Thames Town is a new town in Songjiang District, about 30 kilometres from central Shanghai. It is named after the River Thames in London, United Kingdom. The architecture is themed according to classic British market town styles. There are cobbled streets, Victorian terraces, corner shops and red telephone boxes.
Filmed on January 2nd, 2020.
Video timeline: 00:00 Preview 00:24 Starting Point 00:32 Songjiang District / 松江区 00:38 Thames Town / 泰晤士小镇
China imposed tariffs of up to 212% on Australian wine, prompting politicians around the world to criticize what they call Beijing’s “bullying.” WSJ visits a winemaker who hopes global attention will help the industry. Photo: Lisa Maree Williams/Getty Images
When Zhu Yuanzhang, the first Emperor of the Ming Dynasty (1368-1644), captured Huizhou, a hermit named Zhu Sheng admonished him that he should ‘built high walls, store abundant food supplies and take time to be an Emperor,’ so that he could fortify the city and unify the other states. After the establishment of the Ming dynasty, Zhu Yuanzhang followed his advice and began to enlarge the wall built initially during the old Tang dynasty (618 -907), creating the modern Xian City Wall. It’s the most complete city wall that has survived in China, as well being one of the largest ancient military defensive systems in the world.
As the symbol of the old-line Xi’an, Giant Wild Goose Pagoda (also called Big Wild Goose Pagoda) is a well-preserved ancient building and a holy place for Buddhists. It is located in the southern suburb of Xi’an City, about 4 kilometers (2.5 miles) from the downtown of the city. Standing in the Da Ci’en Temple complex, it attracts numerous visitors for its fame in the Buddhist religion and its simple but appealing style of construction. Giant Wild Goose Pagoda is rated as a National Key Cultural Relic Preserve as well as an AAAA Tourist Attraction.
China is testing a digital yuan, aiming to accelerate the replacement of cash and increase state control in a society where digital payments via Wechat Pay and Alipay are already the norm. Here’s what Beijing’s new system looks like—and how it would work. Photo credit: Florence Lo/Reuters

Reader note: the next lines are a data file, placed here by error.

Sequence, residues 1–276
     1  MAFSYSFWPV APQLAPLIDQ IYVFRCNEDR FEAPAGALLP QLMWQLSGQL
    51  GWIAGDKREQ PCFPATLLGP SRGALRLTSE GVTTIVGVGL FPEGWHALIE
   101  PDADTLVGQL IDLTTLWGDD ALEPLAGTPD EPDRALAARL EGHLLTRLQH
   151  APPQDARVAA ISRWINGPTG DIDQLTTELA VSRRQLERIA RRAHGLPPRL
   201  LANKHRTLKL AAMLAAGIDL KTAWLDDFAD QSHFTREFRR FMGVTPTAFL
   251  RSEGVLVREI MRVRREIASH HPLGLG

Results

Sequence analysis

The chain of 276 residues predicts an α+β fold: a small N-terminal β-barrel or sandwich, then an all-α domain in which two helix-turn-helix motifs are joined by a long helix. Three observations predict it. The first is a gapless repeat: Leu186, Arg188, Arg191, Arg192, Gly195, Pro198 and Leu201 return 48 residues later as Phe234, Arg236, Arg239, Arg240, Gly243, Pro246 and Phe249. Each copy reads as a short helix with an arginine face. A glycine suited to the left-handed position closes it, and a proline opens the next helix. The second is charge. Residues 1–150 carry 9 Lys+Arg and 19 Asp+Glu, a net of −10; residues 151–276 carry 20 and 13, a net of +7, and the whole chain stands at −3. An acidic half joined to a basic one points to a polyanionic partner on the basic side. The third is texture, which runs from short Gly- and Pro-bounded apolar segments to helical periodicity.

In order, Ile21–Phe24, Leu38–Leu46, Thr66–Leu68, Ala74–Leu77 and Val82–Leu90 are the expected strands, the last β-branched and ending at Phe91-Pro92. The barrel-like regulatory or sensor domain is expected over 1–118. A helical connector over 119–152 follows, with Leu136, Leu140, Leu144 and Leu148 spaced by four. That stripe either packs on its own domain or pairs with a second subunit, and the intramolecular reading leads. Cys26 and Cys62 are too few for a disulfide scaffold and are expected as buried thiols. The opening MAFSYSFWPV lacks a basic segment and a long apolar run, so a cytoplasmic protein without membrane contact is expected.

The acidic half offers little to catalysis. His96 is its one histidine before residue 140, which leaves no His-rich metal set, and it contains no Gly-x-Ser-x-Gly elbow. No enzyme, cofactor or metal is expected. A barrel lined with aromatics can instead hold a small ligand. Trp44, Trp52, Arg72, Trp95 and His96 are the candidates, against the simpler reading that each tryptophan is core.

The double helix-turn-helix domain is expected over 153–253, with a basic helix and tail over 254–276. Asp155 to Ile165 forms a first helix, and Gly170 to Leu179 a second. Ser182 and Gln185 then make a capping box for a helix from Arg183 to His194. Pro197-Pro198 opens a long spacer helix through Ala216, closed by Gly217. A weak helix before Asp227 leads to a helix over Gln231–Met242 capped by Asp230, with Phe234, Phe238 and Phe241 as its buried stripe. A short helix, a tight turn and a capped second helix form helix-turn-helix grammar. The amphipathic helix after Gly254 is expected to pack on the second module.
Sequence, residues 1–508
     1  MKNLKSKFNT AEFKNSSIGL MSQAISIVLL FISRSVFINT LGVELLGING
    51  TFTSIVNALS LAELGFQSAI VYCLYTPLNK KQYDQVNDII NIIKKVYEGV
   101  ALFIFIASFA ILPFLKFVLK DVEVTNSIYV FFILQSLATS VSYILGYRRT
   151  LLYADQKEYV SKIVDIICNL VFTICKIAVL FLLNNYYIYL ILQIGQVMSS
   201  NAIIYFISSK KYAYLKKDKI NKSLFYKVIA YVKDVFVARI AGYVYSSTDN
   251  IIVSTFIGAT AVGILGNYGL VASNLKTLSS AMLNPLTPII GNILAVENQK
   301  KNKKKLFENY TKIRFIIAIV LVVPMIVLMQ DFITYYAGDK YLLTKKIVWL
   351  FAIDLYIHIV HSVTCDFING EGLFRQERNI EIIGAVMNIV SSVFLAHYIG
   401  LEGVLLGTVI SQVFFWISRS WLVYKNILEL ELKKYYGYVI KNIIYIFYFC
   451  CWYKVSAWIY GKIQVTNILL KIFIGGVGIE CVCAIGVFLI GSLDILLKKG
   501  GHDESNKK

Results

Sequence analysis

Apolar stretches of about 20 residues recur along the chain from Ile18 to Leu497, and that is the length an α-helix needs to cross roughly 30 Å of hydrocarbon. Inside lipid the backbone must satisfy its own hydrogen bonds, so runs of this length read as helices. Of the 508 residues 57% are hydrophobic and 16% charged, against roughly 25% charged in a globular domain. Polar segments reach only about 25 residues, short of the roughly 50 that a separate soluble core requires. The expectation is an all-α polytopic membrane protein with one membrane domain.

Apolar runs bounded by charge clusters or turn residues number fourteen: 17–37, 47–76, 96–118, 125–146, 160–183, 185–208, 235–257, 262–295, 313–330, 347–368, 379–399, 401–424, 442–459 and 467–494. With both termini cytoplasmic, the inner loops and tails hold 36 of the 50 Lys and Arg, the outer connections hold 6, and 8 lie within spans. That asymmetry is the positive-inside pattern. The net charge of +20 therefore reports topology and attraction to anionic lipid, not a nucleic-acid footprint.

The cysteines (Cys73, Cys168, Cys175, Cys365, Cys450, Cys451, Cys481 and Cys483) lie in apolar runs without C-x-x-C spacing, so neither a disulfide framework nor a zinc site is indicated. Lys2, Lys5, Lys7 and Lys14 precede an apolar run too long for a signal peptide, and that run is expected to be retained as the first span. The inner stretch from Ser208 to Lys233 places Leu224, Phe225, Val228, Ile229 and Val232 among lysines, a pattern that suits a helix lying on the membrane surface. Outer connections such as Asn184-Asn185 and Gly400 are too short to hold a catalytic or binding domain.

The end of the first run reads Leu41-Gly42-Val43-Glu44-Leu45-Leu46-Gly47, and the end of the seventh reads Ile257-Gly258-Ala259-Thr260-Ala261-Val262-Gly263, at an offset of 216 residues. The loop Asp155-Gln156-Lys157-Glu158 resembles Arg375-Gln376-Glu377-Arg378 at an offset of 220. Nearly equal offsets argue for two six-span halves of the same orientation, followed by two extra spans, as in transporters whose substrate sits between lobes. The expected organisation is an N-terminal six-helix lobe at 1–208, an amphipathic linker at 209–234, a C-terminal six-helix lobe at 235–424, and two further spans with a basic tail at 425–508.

The Terracotta Army is a collection of terracotta sculptures depicting the armies of Qin Shi Huang, the first Emperor of China. It is a form of funerary art buried with the emperor in 210–209 BCE with the purpose of protecting the emperor in his afterlife.
There Are 8,000 Known Terracotta Warriors. But Archaeologists in China Just Found More Than 200 Others. The discovery helps paint a clearer picture of how the Chinese military once operated.
Xi’an is a large city and capital of Shaanxi Province in central China. Once known as Chang’an (Eternal Peace), it marks the Silk Road’s eastern end and was home to the Zhou, Qin, Han and Tang dynasties’ ruling houses. At archaeological sites in Xi’an’s surrounding plains are the famed Bingmayong (Terra Cotta Army), thousands of life-size, hand-molded figures buried with China’s first emperor, Qin Shi Huang.
Gone are the long waits at charging stations: Chinese electric-vehicle startup NIO is pioneering battery-swap systems, challenging Tesla and other rival car makers. Here’s how NIO and Tesla are racing for the world’s largest EV market in China.
Telecommunications giant Huawei is said to be one of the most powerful companies in China. But Huawei has been accused of systematic espionage, and some Western governments doubt whether the company is truly independent of the Chinese government.
This documentary investigates concerns about Huawei and internet security. The company is a major player in the manufacture of smartphones, and enjoys a technological lead in the development of the super-fast 5G broadband network worldwide. But the US and some other Western countries suspect that Huawei works closely with the Chinese government on espionage and sabotage operations.
Has Huawei becomne a pawn in the trade war between the US and China? The arrest of Huawei chief financial officer Meng Wanzhou in Canada in 2018 — at the request of US authorities — marked the climax of the conflict between Huawei and Washington. Some European countries also have concerns about the company.
Does Huawei really have close ties to the Chinese government? And what are the benefits and risks for those foreign clients who choose to work with this 5G giant?